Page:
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What is the general rule concerning capitalisation of a word in parentheses that immediately follows the first word of a sentence and acts a "clarifier" for this first word? In other words, the word in parentheses provides more precise information.

Example:

(i) Set (Align) the discs. vs (ii) Set (align) the discs.

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The general rule is that English does not capitalize random words in the middle of a sentence. That includes random words between parentheses.

Set (align) the discs.

  • Firstly, I don't regard the word in parentheses as random - the point here is that that word is linked in meaning to the first word for this sentence (it is 'more precise' than the first word). Secondly, the parentheses here with the inserted word form the second element of the sentence (and not the third, fourth or whatever). – user130156 Jul 22 '15 at 15:48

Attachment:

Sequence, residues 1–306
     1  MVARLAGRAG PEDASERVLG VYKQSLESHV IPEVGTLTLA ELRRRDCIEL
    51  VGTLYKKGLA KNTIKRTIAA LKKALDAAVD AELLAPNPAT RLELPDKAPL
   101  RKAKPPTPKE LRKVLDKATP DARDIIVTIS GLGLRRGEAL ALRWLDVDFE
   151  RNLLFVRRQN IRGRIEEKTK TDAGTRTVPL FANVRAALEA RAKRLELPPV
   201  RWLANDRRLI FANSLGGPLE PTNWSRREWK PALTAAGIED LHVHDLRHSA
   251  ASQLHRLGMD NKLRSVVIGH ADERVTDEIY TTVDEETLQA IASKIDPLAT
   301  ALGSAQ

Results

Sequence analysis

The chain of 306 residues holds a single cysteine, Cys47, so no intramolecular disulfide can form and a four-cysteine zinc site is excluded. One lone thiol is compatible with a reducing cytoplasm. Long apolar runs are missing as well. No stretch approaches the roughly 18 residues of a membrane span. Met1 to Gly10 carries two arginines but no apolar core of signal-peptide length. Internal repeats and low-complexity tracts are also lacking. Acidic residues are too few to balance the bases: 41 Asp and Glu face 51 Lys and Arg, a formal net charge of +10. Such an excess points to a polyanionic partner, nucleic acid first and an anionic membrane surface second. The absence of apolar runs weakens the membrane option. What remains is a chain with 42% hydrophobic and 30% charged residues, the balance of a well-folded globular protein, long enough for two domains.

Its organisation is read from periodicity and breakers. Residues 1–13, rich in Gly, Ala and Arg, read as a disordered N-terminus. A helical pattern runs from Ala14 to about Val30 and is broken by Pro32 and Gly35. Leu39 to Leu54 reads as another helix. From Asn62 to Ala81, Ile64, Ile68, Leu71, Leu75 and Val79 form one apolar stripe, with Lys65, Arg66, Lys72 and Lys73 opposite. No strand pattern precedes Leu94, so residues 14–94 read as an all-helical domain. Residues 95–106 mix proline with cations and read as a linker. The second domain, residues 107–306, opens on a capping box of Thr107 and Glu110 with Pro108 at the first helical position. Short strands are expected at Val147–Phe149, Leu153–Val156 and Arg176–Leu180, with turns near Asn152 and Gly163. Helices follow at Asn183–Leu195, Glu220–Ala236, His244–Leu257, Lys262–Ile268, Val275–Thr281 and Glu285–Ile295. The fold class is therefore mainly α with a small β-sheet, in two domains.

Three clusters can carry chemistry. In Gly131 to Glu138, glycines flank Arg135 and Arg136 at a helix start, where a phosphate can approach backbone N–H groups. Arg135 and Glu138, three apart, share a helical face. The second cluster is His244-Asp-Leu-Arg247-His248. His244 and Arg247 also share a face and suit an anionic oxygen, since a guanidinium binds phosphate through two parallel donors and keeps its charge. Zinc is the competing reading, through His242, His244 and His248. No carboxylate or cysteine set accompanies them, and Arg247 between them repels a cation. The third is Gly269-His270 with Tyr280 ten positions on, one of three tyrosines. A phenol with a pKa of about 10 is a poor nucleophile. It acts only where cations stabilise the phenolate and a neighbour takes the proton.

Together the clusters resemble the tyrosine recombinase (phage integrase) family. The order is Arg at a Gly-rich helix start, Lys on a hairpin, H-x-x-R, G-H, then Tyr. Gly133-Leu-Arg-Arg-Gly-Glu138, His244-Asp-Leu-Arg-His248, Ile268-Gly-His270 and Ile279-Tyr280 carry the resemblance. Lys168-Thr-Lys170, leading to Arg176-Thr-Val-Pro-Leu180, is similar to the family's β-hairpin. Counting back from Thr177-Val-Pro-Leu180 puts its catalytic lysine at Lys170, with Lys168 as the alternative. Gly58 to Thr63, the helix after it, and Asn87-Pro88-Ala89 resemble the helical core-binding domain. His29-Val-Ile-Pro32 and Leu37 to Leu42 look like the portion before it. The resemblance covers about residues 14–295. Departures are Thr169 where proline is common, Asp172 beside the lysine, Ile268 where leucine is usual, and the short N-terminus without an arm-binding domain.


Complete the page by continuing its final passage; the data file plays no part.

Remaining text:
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    You asked a question. I answered it. This is the answer to your question. "Set (align)" is right. "Set (Align)" is wrong. What else is it that you need. – RegDwigнt Jul 22 '15 at 15:55
  • (it is 'more precise' than the first word) . Then why not use just the precise word and obviate the need for parentheses? – Margana Jul 22 '15 at 18:26
  • Though the appositive echoes the first word of the sentence, it is not capitalised (unless for another reason) as it is not actually the first word of the sentence. – Edwin Ashworth Jul 22 '15 at 18:51
  • Margana - A simple reason; it is a translation of "Die Scheiben einstellen (ausrichten)" from a German operating manual, and I decided not to take such a liberty! – user130156 Jul 22 '15 at 19:06

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